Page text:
CHINA bought almost every shipment of Australian sorghum and barley for the first time ever this year, highlighting the importance of agriculture to a trade deal between the two countries that has been agreed but not ratified.
As the selling season comes to an end government figures show Australian exports of barley, sorghum and wheat to China will top $US1.5 billion ($2.14 billion) this year, nearly double the value of sales to Indonesia.
"It's a very big change," said Michael Cole-Sinclair the trading manager at Emerald Grain in Melbourne.
"The Chinese bought almost 100 per cent of the barley and sorghum we exported, as they were prepared to pay far more than traditional buyers in the Middle East."
Farm groups say this trade should improve further under the proposed Free Trade Agreement with China, which the federal opposition is campaigning against.
In Parliament on Wednesday Prime Minister Tony Abbott ramped up his accusations of racism against Labor, asking why the opposition had supported similar deals with Japan, South Korea and Chile. Mr Abbott said these deals had labour market provisions just as the China-Australia agreement does.
With both sides reduced to screaming at each other in Parliament over the deal, Mr Abbott accused Labor of "channelling the hate speech of the CFMEU" and of being xenophobic and racist.
Labor insists the wording and the accompanying documentation shows the government kowtowed to Chinese pressure, and it will allow Beijing to bring in its own workers.
Farm groups insist the deal is crucial for their international competiveness, as it will see the 2 per cent tariff on sorghum and 3 per cent tariff on barley gradually eliminated.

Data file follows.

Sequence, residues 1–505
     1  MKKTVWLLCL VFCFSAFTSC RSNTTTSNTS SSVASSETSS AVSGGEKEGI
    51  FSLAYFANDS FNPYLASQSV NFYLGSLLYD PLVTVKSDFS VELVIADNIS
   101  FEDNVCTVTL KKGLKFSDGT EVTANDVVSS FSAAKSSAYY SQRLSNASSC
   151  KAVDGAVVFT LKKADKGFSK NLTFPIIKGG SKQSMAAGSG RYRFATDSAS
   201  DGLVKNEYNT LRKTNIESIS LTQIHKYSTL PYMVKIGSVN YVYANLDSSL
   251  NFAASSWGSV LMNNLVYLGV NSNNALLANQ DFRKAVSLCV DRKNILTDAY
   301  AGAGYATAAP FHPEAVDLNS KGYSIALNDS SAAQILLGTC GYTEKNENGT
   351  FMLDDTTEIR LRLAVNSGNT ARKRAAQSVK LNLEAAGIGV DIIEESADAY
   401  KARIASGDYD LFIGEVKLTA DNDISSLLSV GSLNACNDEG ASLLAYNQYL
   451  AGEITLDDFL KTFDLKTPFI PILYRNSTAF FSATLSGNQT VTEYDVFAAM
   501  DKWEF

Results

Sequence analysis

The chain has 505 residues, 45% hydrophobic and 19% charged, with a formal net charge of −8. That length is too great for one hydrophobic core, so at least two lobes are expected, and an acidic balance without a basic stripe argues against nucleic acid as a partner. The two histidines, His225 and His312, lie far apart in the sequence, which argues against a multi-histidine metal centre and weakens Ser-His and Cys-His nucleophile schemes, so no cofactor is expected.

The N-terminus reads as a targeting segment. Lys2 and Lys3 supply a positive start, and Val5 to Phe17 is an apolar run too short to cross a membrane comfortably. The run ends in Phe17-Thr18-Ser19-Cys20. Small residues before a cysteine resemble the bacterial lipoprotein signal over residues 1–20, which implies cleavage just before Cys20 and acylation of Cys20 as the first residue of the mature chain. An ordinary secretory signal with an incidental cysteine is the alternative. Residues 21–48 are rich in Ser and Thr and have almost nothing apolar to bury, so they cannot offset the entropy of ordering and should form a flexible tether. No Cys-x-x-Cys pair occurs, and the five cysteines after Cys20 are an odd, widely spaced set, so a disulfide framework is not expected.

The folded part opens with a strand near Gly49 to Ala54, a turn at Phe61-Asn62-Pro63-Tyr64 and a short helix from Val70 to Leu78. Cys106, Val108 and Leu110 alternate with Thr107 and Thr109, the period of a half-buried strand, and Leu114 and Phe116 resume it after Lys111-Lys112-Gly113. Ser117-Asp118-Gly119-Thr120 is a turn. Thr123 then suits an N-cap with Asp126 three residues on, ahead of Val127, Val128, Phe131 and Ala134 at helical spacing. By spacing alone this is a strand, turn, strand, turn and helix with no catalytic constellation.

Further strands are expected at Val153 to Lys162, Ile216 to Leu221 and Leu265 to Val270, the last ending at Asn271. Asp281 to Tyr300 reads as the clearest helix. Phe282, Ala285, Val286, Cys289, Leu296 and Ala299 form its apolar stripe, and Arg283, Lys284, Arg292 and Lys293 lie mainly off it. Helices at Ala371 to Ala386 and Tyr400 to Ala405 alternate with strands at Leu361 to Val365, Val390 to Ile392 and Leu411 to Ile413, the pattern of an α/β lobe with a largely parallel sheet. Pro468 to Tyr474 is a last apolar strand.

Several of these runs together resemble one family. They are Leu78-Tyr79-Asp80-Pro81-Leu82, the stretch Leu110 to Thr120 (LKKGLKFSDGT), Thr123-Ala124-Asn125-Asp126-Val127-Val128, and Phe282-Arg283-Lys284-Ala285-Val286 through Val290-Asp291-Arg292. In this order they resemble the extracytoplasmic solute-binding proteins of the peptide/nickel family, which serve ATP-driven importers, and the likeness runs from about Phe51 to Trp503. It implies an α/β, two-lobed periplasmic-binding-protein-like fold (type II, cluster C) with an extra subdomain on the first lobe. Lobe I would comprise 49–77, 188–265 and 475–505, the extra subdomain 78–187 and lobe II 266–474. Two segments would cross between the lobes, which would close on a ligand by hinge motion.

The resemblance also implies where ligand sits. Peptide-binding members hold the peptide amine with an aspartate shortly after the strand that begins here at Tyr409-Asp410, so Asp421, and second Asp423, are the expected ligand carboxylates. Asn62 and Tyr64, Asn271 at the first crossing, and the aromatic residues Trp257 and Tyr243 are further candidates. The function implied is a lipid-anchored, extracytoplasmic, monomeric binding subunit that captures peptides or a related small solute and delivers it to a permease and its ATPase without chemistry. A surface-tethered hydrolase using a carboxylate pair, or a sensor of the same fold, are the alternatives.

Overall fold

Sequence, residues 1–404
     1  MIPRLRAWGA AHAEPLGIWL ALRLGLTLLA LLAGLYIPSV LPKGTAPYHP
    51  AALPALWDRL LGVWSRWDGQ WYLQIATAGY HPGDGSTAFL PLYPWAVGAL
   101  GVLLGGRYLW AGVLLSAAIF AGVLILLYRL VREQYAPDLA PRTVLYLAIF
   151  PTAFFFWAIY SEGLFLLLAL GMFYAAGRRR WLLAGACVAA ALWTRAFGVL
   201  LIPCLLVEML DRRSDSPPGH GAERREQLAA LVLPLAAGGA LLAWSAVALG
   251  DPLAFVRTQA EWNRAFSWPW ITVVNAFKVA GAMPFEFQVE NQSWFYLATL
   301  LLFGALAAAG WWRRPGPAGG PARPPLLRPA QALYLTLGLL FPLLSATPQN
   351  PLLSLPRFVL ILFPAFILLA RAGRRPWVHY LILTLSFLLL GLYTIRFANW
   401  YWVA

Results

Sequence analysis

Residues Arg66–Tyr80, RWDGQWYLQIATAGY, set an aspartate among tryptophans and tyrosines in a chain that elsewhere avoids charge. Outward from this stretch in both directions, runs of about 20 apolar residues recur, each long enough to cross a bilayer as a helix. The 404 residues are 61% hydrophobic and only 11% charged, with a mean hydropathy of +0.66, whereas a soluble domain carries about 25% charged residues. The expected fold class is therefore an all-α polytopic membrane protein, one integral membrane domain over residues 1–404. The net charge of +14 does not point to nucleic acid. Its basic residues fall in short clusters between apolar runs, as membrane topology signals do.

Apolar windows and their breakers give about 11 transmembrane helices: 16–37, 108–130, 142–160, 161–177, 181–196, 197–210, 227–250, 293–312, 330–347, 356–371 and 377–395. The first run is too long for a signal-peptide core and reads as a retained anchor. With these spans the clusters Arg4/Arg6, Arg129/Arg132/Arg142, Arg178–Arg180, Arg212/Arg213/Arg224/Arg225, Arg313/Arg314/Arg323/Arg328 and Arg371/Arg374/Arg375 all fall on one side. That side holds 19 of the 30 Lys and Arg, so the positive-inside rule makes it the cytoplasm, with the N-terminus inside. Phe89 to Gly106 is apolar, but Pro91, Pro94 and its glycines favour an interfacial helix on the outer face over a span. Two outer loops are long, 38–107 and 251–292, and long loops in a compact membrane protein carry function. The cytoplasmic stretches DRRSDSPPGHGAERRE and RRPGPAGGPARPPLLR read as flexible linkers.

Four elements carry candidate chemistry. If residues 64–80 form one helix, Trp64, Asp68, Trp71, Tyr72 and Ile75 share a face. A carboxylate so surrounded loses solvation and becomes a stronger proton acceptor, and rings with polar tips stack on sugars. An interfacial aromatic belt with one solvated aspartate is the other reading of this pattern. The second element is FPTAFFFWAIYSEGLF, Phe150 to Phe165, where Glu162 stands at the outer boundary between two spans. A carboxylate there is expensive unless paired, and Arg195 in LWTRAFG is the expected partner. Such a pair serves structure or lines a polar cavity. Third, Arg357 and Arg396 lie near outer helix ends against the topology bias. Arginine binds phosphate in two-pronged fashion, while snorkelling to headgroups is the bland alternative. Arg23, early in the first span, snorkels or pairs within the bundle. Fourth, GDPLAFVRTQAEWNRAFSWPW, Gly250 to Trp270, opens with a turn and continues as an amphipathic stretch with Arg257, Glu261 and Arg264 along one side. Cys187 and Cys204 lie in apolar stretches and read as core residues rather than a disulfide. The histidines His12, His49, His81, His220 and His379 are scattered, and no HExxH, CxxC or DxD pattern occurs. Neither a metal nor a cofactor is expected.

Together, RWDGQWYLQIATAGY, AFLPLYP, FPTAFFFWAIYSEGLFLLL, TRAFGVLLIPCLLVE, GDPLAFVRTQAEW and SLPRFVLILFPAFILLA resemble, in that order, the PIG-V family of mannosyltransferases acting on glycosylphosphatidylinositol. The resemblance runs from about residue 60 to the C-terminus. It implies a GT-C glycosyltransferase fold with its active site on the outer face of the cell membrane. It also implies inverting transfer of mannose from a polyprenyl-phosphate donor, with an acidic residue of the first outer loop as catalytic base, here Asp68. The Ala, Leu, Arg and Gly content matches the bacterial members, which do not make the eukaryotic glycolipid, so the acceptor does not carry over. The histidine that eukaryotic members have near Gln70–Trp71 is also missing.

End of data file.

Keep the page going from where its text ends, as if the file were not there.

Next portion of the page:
"Most farmers have large operations which run on very tight margins so the FTA will make a big difference," said David McKeon the general manager of policy at Grain Growers, the industry's peak body.
"If we delay then we miss out on these gains for another year."
A report by China's Customs Bureau showed the value of Australian barley exports to China rose 45 per cent in the first six months of the year, compared with same period in 2014.
The trade was valued at 5.4 billion yuan ($1.2 billion), making barley Australia's third-largest export to China over that period behind coal and iron ore.
The value of sorghum sold to China was $US297 million, while the wheat trade was worth $US221 million.
Australian barley has traditionally been used to make beer in China, while sorghum is the base ingredient for baijiu, the high-alcohol white spirit popular in the country's north.
The surge in Chinese buying for these two grains over recent years has been less about beverages and more about feed grains for pigs and chickens.
Unions and the opposition have no problem with the agricultural side the China-Australia FTA, but are concerned about the importation of Chinese workers. The opposition has pointed to clauses which explicitly exempt China from having to try and source Australian workers first before employing their own labour on projects worth more than $150 million.
The opposition is also concerned about what it considers loose language regarding the importation of tradespeople such as electricians, and the inclusion of an investor-state dispute settlement mechanism.
In Parliament on Wednesday, Opposition leader Bill Shorten challenged Mr Abbott about the statement on Monday by departmental official David Wilden to the committee inquiring into the FTA.
He acknowledged that Chinese tradespeople such as engineers, nurses and category three trades were currently subject to labour market testing but would be exempt under the FTA.
Mr Shorten accused Mr Abbott of selling out "Aussie jobs".
Mr Abbott continued to insist no Australian job would be filled by a foreigner unless it had been offered locally first.
He said there were similar provisions to the Chilean FTA which Labor negotiated when in government.
The Chile deal signed by the Rudd government under trade minister Simon Crean grants labour market testing exemptions for "contractual service suppliers".
The language in the China FTA is more explicit in terms of spelling out the trades and professions which would be exempt.